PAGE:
Notable among these was the Occupational Health and Safety Network known as OSHnet. This is aimed at helping states to comply with the ILO’s Convention No.187, which lays out occupational standards for all employers. Then there is the area of industrial relations. We are looking for progressive labour practices, with labour market reform and good progress has been made in various respects.

Migrant work is also an area in which we have been working together. At the ASEAN summit in Cebu, in February 2007, the ASEAN leaders adopted a declaration on protecting the rights of migrant workers and this comes very close to the ILO framework concerning this issue and now they are concerned with putting this into practice. Early next year, we will work with ASEAN to create the Migrant Workers Forum. We are also jointly involved in monitoring labour and social trends and similar activities.”

However, these areas of progress are not easy to achieve and are the result of often sustained and skilled negotiation. As Mr Ng observes, “In the way we work with ASEAN, there is a determination by the governments of this region to improve working conditions and they work hard to improve human resource management.

In spite of economic integration being not too fast, they have a will to bring it forward and to try to play a much more assertive role in regional and international officials. Progress is quite significant and we are ready to propose a regional agenda and enter the international stage. Everyone is trying very hard to help with each other. Ministers are always ready to provide free technical assistance to each other.

It is important to bear in mind how much cultural diversity there is in this region – “it is not like any other region in this regard. We have so many different ways of doing things and of ethnicity; it is very diversified and there is very uneven development.”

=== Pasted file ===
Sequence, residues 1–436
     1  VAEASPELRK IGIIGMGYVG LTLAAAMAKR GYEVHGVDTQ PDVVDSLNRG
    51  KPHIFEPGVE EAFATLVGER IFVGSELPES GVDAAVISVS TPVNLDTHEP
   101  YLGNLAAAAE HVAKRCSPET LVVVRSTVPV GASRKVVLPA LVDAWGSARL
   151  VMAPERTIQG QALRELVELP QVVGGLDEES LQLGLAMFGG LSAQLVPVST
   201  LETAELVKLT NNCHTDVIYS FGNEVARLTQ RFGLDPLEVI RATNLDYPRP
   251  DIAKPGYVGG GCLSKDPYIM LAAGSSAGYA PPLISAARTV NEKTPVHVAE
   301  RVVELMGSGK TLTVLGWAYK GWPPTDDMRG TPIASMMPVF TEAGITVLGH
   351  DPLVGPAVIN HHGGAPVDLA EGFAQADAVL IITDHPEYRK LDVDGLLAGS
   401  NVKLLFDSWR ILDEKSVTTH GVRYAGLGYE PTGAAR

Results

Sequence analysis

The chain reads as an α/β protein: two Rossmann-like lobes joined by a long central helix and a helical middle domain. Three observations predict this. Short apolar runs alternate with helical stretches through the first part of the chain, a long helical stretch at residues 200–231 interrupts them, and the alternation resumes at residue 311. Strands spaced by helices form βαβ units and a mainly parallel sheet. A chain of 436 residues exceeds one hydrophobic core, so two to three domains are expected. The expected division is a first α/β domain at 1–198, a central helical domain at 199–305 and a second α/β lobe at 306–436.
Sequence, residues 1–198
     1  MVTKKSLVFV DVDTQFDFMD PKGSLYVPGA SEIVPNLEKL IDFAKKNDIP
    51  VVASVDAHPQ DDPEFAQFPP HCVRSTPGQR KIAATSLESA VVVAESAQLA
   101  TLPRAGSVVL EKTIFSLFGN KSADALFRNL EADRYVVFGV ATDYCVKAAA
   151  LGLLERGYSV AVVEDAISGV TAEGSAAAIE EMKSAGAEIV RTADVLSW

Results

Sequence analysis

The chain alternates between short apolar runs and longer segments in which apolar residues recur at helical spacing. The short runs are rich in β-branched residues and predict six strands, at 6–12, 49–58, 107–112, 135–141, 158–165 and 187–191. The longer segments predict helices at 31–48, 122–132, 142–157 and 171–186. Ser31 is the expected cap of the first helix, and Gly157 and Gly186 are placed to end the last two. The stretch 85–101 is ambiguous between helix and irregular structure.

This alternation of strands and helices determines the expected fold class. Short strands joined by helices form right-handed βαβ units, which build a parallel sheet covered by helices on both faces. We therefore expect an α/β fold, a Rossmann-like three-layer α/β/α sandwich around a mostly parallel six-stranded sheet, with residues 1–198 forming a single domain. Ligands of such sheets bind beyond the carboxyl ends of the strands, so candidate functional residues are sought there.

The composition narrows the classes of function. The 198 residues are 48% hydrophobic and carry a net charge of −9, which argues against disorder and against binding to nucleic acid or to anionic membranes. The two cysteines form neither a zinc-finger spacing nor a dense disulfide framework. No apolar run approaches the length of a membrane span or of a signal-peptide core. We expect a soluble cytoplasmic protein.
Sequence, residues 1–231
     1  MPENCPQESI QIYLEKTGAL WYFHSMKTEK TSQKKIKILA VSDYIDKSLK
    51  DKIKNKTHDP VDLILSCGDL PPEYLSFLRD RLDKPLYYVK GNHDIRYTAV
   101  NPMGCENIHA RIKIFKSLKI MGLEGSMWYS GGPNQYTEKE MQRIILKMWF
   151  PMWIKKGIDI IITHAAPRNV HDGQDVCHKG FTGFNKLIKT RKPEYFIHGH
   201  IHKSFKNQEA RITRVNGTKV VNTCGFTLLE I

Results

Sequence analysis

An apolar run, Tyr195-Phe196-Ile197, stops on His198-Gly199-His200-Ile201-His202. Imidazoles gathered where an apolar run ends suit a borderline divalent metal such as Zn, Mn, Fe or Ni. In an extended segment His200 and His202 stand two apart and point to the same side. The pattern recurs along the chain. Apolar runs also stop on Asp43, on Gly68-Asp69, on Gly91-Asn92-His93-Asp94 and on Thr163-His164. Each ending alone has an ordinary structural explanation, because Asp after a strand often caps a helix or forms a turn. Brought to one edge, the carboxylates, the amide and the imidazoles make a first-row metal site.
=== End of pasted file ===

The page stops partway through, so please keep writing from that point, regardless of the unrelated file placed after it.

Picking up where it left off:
There has also been considerable variation in the willingness of governments to comply with ILO standards and, while most ASEAN states are now happy to comply and their employers recognise the competitive advantages that compliance can bring, this is not yet universal. Myanmar stands out as a problematic area in which the issue of forced labour remains the principal one. Even so, agreements have been signed with the government and hope remains that further progress can be made in the future.

Despite millions of workers remaining in poverty in ASEAN, millions more have been raised from it and millions of others have benefited from improvements in working conditions. The ILO’s daily work focuses on not just these kinds of negotiation but research, statistical analysis, improving technical capacity and co-operation among its members.

Now that Brunei has become a member of the ILO, all ten of the ASEAN states are ILO members and the organization represents an opportunity for states to help each other as well as themselves.